Di­nosaur fam­ily tree might have to be to­tally re­drawn


NOR­MALLY the di­nosaurian world is rocked by a new fos­sil – the biggest, fastest, or tooth­iest. But the lat­est di­nosaur re­search threat­ens to change our un­der­stand­ing of how di­nosaurs evolved at a much deeper level, and blow aside 130 years of agree­ment on the topic.

A new paper pub­lished in the journal Na­ture sug­gests that sci­en­tists need to re­or­gan­ise the ma­jor groups used to clas­sify di­nosaurs. This means we may have to re­visit what we think we know about the first di­nosaurs, what fea­tures they evolved first, and where in the world they came from.

The way we clas­sify di­nosaurs goes back to the 19th cen­tury. In 1887, Harry Govier See­ley, a clas­sic, hard-work­ing Vic­to­rian palaeon­tol­o­gist, di­vided di­nosaurs into two ma­jor sub­or­ders based pri­mar­ily on their hip struc­ture. Sau­rischia com­prises the flesh-eat­ing theropods such as Tyran­nosaurus and the pon­der­ous, long-necked sauropodomorphs such as Di­plodocus. Or­nithis­chia com­prises all the rest, in­clud­ing the two-legged Iguan­odon, and the ar­moured, four-legged Stegosaurus, Tricer­atops, and Anky­losaurus.

This or­der­ing of di­nosaurs has stood the test of time for 130 years, weather­ing the on­slaught of cladis­tics in the 1980s, when palaeon­tol­o­gists be­gan us­ing com­put­ers to an­a­lyse and cat­e­gorise groups of an­i­mals based on fea­tures that pointed to a com­mon an­ces­tor. There are now thou­sands of di­a­grams (clado­grams) of di­nosaur sub­groups, and ever-grow­ing data ma­tri­ces, that closely doc­u­ment the anatom­i­cal fea­tures of each species.

The new paper com­pletely dis­rupts the con­sen­sus over See­ley’s cat­e­gories. The re­searchers ran a cladis­tic anal­y­sis of 457 char­ac­ter­is­tics across 74 species (that is a data ma­trix of 33 818 bits of in­for­ma­tion recorded from skele­tons). They con­cluded that, based on 21 unique char­ac­ter­is­tics of the fos­sils, the theropods were more closely re­lated to the Or­nithis­chia group and should be moved into that cat­e­gory. This would cre­ate a new group named Or­nithoscel­ida and leave be­hind the Sau­ropodomor­pha.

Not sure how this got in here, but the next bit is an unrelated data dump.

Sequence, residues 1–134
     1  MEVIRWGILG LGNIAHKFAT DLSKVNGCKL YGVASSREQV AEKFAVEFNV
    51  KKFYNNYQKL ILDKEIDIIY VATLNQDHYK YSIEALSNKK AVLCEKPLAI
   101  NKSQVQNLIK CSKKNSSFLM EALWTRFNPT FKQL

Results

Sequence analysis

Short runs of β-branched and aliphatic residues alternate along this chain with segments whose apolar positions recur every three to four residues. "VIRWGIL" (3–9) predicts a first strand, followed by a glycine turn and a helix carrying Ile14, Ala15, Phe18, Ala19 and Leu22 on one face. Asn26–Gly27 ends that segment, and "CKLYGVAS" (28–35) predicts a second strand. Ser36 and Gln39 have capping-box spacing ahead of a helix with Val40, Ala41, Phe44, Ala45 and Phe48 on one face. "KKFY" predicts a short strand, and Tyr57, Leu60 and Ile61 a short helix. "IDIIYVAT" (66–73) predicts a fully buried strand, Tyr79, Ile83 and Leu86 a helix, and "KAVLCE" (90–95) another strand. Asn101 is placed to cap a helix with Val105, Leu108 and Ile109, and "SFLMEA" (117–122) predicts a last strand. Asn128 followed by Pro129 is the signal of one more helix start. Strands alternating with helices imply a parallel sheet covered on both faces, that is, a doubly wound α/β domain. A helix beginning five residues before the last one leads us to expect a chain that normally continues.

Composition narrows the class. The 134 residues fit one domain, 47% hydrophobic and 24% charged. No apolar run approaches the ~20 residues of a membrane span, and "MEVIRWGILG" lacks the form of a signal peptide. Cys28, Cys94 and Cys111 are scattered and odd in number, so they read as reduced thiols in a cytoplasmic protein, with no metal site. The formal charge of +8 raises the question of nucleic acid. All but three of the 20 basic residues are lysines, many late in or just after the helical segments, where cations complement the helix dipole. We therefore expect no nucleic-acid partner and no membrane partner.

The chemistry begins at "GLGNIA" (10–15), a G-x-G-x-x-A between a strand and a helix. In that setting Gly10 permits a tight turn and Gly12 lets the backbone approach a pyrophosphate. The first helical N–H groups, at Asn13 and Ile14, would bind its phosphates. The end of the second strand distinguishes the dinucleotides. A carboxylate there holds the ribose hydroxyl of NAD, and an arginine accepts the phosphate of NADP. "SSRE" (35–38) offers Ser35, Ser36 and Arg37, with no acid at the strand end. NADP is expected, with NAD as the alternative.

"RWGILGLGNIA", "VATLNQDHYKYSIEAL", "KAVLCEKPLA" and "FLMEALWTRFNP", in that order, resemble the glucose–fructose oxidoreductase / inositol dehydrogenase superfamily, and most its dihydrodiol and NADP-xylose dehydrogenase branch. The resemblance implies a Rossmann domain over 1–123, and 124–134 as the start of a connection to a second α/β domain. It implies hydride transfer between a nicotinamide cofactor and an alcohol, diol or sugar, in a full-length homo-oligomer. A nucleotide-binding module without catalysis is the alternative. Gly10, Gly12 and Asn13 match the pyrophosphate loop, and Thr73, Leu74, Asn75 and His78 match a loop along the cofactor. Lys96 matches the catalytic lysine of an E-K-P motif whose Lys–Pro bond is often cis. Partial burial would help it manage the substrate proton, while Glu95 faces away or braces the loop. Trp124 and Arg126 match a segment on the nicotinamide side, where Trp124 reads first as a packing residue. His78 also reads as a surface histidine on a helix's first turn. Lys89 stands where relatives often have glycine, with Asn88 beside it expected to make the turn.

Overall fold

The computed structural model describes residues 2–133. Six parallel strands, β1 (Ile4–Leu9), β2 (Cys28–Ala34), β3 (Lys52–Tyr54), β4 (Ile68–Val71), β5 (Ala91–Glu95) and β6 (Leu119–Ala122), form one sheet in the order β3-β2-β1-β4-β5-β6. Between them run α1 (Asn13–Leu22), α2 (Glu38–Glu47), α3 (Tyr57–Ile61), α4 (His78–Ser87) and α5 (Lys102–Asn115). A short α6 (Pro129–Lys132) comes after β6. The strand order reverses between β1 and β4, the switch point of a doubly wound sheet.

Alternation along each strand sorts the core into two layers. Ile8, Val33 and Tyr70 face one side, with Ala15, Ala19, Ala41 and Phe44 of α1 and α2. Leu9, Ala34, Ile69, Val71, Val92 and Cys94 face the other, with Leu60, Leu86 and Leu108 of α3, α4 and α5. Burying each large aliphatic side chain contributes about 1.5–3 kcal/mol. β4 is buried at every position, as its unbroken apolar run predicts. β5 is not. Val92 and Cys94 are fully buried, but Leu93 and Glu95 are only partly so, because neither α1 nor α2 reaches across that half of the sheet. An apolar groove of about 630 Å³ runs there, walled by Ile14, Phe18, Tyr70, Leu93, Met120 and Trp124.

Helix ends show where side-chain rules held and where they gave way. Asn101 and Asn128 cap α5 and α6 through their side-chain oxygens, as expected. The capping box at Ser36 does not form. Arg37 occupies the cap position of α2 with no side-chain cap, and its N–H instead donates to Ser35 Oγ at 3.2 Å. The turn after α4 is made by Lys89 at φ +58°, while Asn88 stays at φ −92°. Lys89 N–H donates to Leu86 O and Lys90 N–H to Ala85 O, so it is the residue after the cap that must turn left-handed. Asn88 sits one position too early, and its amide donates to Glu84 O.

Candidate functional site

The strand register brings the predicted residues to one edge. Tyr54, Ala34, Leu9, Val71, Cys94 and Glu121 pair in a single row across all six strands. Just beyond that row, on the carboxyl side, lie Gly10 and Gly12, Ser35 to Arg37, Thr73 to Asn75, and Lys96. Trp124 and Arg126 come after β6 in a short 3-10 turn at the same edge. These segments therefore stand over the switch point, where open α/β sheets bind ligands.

The trick in cladis­tics is to find a unique anatom­i­cal fea­ture that evolved at a spe­cific time and can in­di­cate a par­tic­u­lar sub­group. For ex­am­ple, See­ley noted that the hip bones of or­nithis­chi­ans were ar­ranged with pu­bis and is­chium run­ning back­wards (su­per­fi­cially, like mod­ern-day birds).

This sug­gests the two groups split from a com­mon an­ces­tor and evolved dif­fer­ent hip shapes.

This was a mas­sive anatom­i­cal change or nov­elty, and palaeon­tol­o­gists un­til now have as­sumed that it hap­pened only once in evo­lu­tion­ary his­tory.

Group­ing the theropods with the or­nithis­chi­ans sug­gests that the hip change oc­curred later and raises the ques­tion of whether some early theropods had this fea­ture.

The re­searchers also sug­gest that the new anal­y­sis can re­set our un­der­stand­ing of where di­nosaurs orig­i­nated and what their diet was. The clas­sic view was that the first di­nosaur was a car­ni­vore liv­ing in what is now South Amer­ica. The new anal­y­sis makes this more of an open ques­tion and sug­gests they might have evolved as om­ni­vores in the north­ern hemi­sphere.

Tree of life

None of this changes what we know for sure about what di­nosaurs evolved which traits and when. But the key point is that ac­cu­rately de­pict­ing the tree of life mat­ters. If you care about mod­ern bio­di­ver­sity, it’s im­por­tant that all species are not equal.

Some are more dis­tinc­tive than oth­ers, pos­sess­ing more unique fea­tures, and hav­ing a longer in­de­pen­dent his­tory. Work­ing this out re­quires an ac­cu­rate tree.

On a broader scale, get­ting the tree right af­fects our cal­cu­la­tions of rates of trait evo­lu­tion, ex­tinc­tion and post-ex­tinc­tion re­cov­er­ies.

We will never find the very first di­nosaur but we can es­tab­lish some things about it by es­ti­mat­ing the an­ces­tral states of dif­fer­ent species from a cor­rect tree.

We in­vest enor­mous ef­forts into con­struct­ing testable sys­tems for cat­e­goris­ing dif­fer­ent species, and their size is in­creas­ing as com­put­ing power grows.

When I ran my first clado­gram in 1982, I had to use punch cards on a main­frame com­puter, and I could in­clude only 10 or 12 species and 50 or so char­ac­ter­is­tics.

To­day, I was able to run all the data for this new paper through my desk­top com­puter and get an an­swer in 33.21 sec­onds, while writ­ing this ar­ti­cle at the same time.

Re­cent pub­li­ca­tions have sported trees of all 10 000 species of birds, and even sum­mary trees of all life.

The dream is to run such trees with all 1.5m named species, us­ing data about both genes and phys­i­cal shape.

Is this new paper the true an­swer for the evo­lu­tion­ary ori­gins of di­nosaurs?

The data we have is rid­dled with ques­tion marks, and so the al­go­rithms still strug­gle to cal­cu­late the one true tree.

This is no crit­i­cism of the re­searchers, just a state­ment of the prac­ti­cal­i­ties.

We don’t know yet whether we can see the wood for the trees.

New re­search threat­ens to change our un­der­stand­ing of how di­nosaurs evolved.

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